Antinori Castello della Sala Pinot Nero (Retail price: $86)
Unlike the other Italian red wines profiled here, this Pinot Nero comes from the central Italian region of Umbria. With 14% alcohol content, it is a stronger Pinot Noir. The wine’s flavor profile is dominated by oaky vanilla and dark chocolate notes. In addition, this Pinot Nero offers significant red fruit flavors like cherry and strawberry.
Are you interested in exploring other delightful Italian red wines? Check out this guide to Italian red blend wine and Italian Merlot.
Pinot Noir: 5 Leading Red Wines To Try
Pinot Noir, the same grape as Pinot Nero, is planted in many different places worldwide, including the Anderson Valley, Russian River Valley, Santa Barbara County, South Africa, and elsewhere. While I tend to focus on French and European wines, for variety, let’s look at other examples. Some of these producers may be using European clones of grapes that became popular in Europe. For more insights on wine grape genetics, I suggest consulting UC Davis, which has an excellent wine program.
Domaine Drouhin Oregon Pinot Noir (Retail Price: $40)
This wine producer has vineyards in both Oregon’s Willamette Valley and Burgundy. The Oregon Pinot Noir Dundee Hills has earned 90+ scores from leading wine experts and publications like James Suckling, Wine Advocate, and Wine Spectator. The 2019 vintage has 13.9% alcohol and offers spice notes and redcurrant.
Emeritus Vineyards Pinot Hill (Retail Price: $65)
California’s Sonoma County has a growing reputation for Pinot Noir. Emeritus offers Pinot Noir with a flavor profile, including wild strawberry, cherry, and rhubarb (for further context, compare Pinot Grigio Vs Pinot Noir). In addition to the fruit flavors, the wine has notes of cooking spices (i.e., thyme and sage) and coffee.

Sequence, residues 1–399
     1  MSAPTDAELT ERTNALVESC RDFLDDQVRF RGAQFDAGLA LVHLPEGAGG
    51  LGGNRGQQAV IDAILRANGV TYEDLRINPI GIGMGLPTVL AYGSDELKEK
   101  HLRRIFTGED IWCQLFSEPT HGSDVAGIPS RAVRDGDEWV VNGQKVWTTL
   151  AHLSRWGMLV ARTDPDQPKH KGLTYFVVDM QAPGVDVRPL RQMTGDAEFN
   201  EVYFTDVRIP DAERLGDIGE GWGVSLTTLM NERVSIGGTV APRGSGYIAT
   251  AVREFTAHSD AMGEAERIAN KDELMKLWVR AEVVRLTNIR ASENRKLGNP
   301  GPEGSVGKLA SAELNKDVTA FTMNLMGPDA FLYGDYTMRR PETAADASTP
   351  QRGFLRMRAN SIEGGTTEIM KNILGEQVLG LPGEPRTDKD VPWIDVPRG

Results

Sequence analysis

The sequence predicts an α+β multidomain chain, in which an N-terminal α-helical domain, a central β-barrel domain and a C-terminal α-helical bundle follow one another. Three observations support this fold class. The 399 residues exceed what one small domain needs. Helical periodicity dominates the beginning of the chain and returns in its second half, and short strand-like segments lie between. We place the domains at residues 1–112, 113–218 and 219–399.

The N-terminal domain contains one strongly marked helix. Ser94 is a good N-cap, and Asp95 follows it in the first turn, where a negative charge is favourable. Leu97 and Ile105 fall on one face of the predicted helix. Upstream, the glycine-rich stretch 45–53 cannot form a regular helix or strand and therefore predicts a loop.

Drew Family Cellars Estate Field Selections Pinot Noir (Retail Price: $60)
Located in Mendocino County, this light red wine has earned an average wine critic score of 93. The wine’s essential fruit flavors include black cherry, blueberry, and raspberry. The wine is also aged in 50% new oak barrels, so expect to enjoy some oaky flavors in your glass. This Pinot Noir wine has an alcohol content of between 13.3 to 13.8%.
Artesa Block 12 Estate Vineyard (Retail Price: $85)
Situated in Napa County, this 100% Pinot Noir wine is aged in 100% French oak. This wine may be more difficult to find because there were only 150 cases of the 2018 vintage produced. Tasting notes for this wine include blueberry, strawberry, and brambleberry. This is an excellent example of a cool climate Pinot Nor wine.
La Brune Wines Pinot Noir (Retail Price: $17)
This South African Pinot Noir caught my eye for affordability and the unusual bottle closure. With an ABV (alcohol by volume) of 12.7%, it is relatively lower alcohol than some of the other wines we’ve covered. The fruity flavors in the wine combine strawberry, blackberry, and earthy notes like forest floor and mushroom.
Pinot Nero vs Pinot Noir In Summary
The similarities between Pinot Nero vs Pinot Noir far outweigh their differences. Both wines have a light body and lower alcohol than full-bodied wines like Cabernet Sauvignon (find out more about this wine’s taste here – Shiraz vs Cabernet Sauvignon). Wines labeled Pinot Nero usually come from Italy because Nero is an Italian word. In comparison, Pinot Noir-labeled wines are grown across the world.